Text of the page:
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Graphitization of 0.5–1.5 mg C, and of smaller samples to a lesser extent, is routinely done at our Facility by reduction over zinc. The method yields low background, good accuracy but offers a limited throughput, requires dedicated equipment and considerable operator time. Sealed-tube graphitization is faster, easier and cost-efficient producing as many graphites as CO2 can be purified in one day with low background, good accuracy and precision, provided precise measurements of δ13C values can be attained by accelerator mass spectrometry (AMS) to correct for isotope fractionation (Xu et al. 2007). We tested sealed-tube graphitization on 0.1 to 1.0 mg C samples and found that while we were able to obtain low backgrounds of >57,000 ±1000 yr BP for ∼1.7 mg C and 41,230 ± 430 yr BP for ∼0.09 mg C (0.0008 ± 0.0001 and 0.0059 ± 0.0003 Fraction Modern, respectively), results were variable for sample sizes <0.5 mg C. Measurements of FIRI Belfast Cellulose and TIRI Barleymash showed 0.3–0.6% precision and 1% accuracy for most sample sizes. We found better results in our laboratory by introducing the following modifications: (1) shorter inner tube (2 cm long), (2) short flame-seal length (∼7–8 cm) and (3) keeping the inner tube with iron separate from the outer tube containing zinc and titanium hydride during cleaning.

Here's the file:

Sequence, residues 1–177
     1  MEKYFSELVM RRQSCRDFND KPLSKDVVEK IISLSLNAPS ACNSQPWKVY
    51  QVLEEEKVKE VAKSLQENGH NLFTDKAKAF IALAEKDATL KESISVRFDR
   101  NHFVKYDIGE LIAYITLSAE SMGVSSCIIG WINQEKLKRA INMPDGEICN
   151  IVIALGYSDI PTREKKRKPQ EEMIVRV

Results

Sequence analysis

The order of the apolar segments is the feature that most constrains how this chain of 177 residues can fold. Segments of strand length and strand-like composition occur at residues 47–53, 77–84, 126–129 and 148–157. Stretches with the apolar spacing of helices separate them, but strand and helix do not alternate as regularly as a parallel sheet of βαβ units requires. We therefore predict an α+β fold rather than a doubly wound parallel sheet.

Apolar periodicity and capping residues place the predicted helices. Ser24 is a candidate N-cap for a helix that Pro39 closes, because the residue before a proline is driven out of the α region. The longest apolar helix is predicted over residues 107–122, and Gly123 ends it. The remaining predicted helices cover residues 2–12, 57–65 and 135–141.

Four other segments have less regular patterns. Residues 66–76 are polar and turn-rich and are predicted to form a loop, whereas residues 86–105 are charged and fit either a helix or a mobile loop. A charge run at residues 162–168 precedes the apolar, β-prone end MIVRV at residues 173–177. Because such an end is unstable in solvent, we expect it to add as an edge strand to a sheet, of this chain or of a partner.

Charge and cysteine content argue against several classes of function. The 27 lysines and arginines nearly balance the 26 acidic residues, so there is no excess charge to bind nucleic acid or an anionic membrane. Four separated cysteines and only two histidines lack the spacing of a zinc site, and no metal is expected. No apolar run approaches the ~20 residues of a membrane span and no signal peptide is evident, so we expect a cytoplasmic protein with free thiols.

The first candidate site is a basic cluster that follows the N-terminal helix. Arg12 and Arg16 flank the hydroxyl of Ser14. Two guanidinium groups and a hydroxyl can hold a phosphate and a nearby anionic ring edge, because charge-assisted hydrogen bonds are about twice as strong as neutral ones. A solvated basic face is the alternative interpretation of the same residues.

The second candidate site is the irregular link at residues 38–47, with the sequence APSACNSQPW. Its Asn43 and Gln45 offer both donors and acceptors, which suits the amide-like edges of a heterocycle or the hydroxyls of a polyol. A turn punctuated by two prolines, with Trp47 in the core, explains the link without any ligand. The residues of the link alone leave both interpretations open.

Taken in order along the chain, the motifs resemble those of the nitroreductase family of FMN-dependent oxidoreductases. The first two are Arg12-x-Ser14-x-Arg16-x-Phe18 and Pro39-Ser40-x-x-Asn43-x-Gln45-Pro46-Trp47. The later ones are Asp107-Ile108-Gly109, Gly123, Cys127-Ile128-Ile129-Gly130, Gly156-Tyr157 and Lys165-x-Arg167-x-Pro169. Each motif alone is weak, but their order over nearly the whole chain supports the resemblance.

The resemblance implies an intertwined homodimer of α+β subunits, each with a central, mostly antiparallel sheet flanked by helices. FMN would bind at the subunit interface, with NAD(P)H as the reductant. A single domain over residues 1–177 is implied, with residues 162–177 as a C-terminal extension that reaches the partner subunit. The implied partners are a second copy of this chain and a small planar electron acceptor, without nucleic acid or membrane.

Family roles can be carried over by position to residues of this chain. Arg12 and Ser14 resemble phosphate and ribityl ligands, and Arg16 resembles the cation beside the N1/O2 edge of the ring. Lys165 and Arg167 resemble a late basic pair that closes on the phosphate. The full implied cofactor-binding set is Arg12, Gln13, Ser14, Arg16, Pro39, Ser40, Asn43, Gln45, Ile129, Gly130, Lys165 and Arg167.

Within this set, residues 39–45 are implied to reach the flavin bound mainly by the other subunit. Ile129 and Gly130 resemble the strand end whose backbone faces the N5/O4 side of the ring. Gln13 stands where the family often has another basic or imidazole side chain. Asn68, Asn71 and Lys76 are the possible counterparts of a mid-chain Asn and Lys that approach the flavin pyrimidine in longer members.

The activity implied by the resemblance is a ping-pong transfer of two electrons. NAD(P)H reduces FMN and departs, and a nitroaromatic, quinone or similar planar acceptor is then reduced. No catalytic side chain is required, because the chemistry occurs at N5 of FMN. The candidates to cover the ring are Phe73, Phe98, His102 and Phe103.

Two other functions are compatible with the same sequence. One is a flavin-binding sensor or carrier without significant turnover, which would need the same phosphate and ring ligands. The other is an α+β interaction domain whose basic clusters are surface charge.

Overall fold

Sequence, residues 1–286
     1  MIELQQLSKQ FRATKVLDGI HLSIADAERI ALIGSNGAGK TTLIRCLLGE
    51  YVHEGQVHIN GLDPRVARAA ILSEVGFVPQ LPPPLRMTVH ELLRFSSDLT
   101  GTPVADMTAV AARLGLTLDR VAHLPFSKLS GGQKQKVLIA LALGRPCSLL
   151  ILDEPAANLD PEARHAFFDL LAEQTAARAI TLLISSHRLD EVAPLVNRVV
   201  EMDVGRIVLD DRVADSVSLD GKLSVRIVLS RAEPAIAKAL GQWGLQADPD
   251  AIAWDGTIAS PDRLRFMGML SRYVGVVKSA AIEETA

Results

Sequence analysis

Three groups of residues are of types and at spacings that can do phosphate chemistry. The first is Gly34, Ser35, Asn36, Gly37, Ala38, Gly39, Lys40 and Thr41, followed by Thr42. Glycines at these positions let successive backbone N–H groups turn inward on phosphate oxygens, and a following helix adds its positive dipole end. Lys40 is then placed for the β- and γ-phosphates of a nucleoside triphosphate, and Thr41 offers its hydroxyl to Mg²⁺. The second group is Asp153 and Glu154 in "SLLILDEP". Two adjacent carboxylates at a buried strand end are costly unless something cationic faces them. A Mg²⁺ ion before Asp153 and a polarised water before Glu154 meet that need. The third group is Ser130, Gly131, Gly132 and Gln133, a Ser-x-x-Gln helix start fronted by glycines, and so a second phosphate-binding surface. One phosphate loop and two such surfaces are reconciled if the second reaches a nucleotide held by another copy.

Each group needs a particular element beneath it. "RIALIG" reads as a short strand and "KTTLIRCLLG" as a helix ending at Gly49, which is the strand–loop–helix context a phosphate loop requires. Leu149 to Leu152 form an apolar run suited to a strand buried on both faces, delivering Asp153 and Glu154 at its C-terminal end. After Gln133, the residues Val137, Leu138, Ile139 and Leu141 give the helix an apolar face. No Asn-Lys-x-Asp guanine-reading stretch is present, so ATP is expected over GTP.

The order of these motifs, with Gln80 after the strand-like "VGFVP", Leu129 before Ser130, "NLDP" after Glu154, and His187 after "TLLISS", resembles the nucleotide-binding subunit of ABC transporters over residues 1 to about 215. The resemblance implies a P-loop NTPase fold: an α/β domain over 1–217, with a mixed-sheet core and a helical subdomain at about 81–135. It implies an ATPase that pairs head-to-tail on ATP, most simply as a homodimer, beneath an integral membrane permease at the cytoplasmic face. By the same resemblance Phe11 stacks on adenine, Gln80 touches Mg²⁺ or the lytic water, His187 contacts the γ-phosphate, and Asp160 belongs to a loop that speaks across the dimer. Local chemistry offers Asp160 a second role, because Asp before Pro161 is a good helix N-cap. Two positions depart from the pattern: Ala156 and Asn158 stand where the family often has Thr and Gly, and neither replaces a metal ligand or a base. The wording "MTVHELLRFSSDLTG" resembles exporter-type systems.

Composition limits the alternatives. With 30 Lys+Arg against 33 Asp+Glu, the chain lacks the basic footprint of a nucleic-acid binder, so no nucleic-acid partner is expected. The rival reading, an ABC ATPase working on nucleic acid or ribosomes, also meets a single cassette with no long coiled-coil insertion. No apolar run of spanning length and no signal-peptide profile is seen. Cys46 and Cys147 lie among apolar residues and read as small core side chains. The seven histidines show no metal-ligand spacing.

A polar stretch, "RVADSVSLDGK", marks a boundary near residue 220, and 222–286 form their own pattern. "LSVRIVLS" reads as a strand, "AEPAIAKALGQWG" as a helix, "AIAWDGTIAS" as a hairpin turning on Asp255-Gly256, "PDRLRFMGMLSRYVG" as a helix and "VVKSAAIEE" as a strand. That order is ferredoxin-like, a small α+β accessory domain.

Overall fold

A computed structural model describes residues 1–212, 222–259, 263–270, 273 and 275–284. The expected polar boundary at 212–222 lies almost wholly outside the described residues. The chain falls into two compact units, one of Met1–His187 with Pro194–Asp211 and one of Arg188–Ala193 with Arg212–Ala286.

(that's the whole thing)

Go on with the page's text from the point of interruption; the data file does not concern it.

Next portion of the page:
The in vitro nematicidal effect of Chenopodium ambrosioides and Castela tortuosa n-hexane extracts (E-Cham and E-Cato, respectively) on Haemonchus contortus infective larvae (L3) and the anthelmintic effect of these extracts against the pre-adult stage of the parasite in gerbils were evaluated using both individual and combined extracts. The in vitro confrontation between larvae and extracts was performed in 24-well micro-titration plates. The results were considered 24 and 72 h post confrontation. The in vivo nematicidal effect was examined using gerbils as a study model. The extracts from the two assessed plants were obtained through maceration using n-hexane as an organic agent. Gerbils artificially infected with H. contortus L3 were treated intraperitoneally with the corresponding extract either individually or in combination. The results showed that the highest individual lethal in vitro effect (96.3%) was obtained with the E-Cham extract at 72 h post confrontation at 40 mg/ml, followed by E-Cato (78.9%) at 20 mg/ml after 72 h. The highest combined effect (98.7%) was obtained after 72 h at 40 mg/ml. The in vivo assay showed that the individual administration of the E-Cato and E-Cham extracts reduced the parasitic burden in gerbils by 27.1% and 45.8%, respectively. Furthermore, the anthelmintic efficacy increased to 57.3% when both extracts were administered in combination. The results of the present study show an important combined nematicidal effect of the two plant extracts assessed against L3 in gerbils.
Composites from carbon nanotubes and polymers have been synthesized and studied. The composites were obtained joining carbon nanotubes with polymethyl methacrylate, nylon-6 and polystyrene. The materials were observed through scanning electron microscopy to evaluate the carbon nanotubes dispersion in the polymeric matrices. FTIR and Raman spectroscopies were used to analyze the interactions among functionalized and non-functionalized multiwalled carbon nanotubes and polymers, demonstrating affinity and peculiar spectra behaviors for each composite with different carbon nanotubes loads.